Sight Unseen Producers Talk ‘Bad Hair,’ Sammy Davis Jr. Biopic and How the Pandemic Is Changing Hollywood

Sight Unseen Pictures’ producers Eddie Vaisman and Julia Lebedev haven’t decided where to put their brand-new Emmy Awards — mostly because they haven’t gotten them in the mail yet.

“It’s great; that was such an exciting little treat and not expected and we’re super humbled by it,” Vaisman tells Variety of winning the trophy for producing HBO’s “Bad Education.” “The problem is we have young children, so they’re literally going to take it and like, bash each other with it. I guess we probably have to keep it in the office.”

“They’re much heavier [than you’d expect] — I held Lena’s when she won it, at the after party,” Lebedev adds, recalling Lena Waithe’s historic Emmy win in 2017 for writing “Master of None.” “I was like, ‘I’m gonna give this back to you because I’m definitely gonna drop it.’ I think the office is a safer place.”

Of course, the producers haven’t been in the office much since COVID-19 turned the world and the entertainment industry upside down, but that doesn’t mean they’ve stopped working. Their latest film, “Bad Hair” dropped Friday on Hulu, after a buzzy debut at the Sundance Film Festival earlier this year. In addition to a streaming rollout, a theatrical release had been scheduled for the satirical horror film from Justin Simien, but plans changed as a result of the pandemic.

“I think surreal is probably the best word to describe it. It feels good to be a distraction, even if momentarily, to everything going on in the world,” Lebedev says of the release. “We’re very lucky that our plan was to premiere on Hulu, so we don’t have to deal as much with the business side of things and changing plans dramatically. We were very much looking forward to that experience of getting everyone back together and going to see it at a theater, but now we’re doing that in a drive-in way.”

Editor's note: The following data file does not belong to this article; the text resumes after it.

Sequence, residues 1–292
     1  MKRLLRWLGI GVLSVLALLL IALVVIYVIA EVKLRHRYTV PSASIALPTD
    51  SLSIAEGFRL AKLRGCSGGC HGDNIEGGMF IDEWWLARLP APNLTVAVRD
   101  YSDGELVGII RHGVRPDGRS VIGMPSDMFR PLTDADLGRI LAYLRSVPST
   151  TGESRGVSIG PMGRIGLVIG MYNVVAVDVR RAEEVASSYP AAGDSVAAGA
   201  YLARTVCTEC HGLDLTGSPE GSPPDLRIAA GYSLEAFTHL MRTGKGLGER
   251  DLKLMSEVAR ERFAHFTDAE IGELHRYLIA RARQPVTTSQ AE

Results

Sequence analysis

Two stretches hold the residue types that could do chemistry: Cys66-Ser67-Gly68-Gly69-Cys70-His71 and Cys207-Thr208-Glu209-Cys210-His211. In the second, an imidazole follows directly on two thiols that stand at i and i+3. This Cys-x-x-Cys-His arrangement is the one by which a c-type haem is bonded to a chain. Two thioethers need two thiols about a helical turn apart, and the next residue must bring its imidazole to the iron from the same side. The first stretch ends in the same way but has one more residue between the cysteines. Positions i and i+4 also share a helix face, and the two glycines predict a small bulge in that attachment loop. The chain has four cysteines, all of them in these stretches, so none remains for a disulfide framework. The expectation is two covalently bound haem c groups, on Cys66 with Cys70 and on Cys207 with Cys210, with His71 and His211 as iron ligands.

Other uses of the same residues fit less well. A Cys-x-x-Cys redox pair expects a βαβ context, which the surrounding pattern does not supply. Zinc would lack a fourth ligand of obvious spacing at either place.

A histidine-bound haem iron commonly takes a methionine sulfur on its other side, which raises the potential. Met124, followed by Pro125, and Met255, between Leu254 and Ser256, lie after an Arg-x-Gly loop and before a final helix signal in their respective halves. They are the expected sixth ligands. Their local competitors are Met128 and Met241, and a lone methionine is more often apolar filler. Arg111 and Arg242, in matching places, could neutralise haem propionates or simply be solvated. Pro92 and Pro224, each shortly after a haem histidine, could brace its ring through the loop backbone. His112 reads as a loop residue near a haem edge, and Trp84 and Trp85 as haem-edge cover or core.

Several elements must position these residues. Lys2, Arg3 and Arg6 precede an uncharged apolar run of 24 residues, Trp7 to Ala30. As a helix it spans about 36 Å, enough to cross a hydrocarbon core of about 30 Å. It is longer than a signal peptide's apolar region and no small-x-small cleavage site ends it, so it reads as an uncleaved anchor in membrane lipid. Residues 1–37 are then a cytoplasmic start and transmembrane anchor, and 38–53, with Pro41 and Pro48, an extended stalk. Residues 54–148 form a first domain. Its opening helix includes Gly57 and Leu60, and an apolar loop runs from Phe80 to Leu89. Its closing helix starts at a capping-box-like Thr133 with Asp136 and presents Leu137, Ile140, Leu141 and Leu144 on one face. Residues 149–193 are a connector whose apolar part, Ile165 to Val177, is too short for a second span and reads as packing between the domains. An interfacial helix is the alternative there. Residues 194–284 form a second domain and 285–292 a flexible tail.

It’s been a long road to the screen for Simien’s film, the writer-director’s third partnership with Lebedev after both the “Dear White People” film and series for Netflix, but the wait was well worth it. Joking that she and the Sight Unseen team would love to clone Simien to get all of the work done, Lebedev adds that hopefully “Bad Hair” is “the third project of many.”

“We’re just thankful to be in this partnership with him — because he’s bold and he’s not afraid to tell a story that made people a little bit uncomfortable,” she says. “We’re grateful to kind of be on the sidelines helping him do all that and get it all out. And I know there’s just a lot more in that crazy brain of his that we would love to be able to tell and help him get out.”

“Everyone talks about how movies are hard to make and ‘Dear White People’ was a much smaller movie in terms of scope and timeline, but both of them took years,” Lebedev recalls. “Justin worked on ‘Dear White People’ for many years before I came on board and financed and produced it, and then that started our journey,” she recalls. “We were friends before that project came to life and, to be honest, I was sort of reticent to work with a friend, because it’s risky in all walks of life. But since then, we’ve been lucky in that he’s just a tremendously hard worker and he just dives full in and has so many ideas. There needs to be three of him to get them all out. But thankfully ‘Bad Hair’ was an idea that kind of stuck with him through doing the TV show and then he was ready to kind of dive back in.”

That kind of friend-turned-family dynamic is the sort of collaboration Sight Unseen prides themselves on, leading the producers to partner with other filmmakers that they already know, like Waithe, with whom they’re set to make a biopic about Sammy Davis Jr.

“We grew up as huge fans of Sammy’s, but our parents and that generation were obsessed with him,” Vaisman says. “My parents are Russian immigrants and they came here and they talked about him all the time; they listened to his music and they played it in our house and we watched him as a performer. He was such a unique talent and such a compelling person and we felt like it was the right time to be part of telling his story.”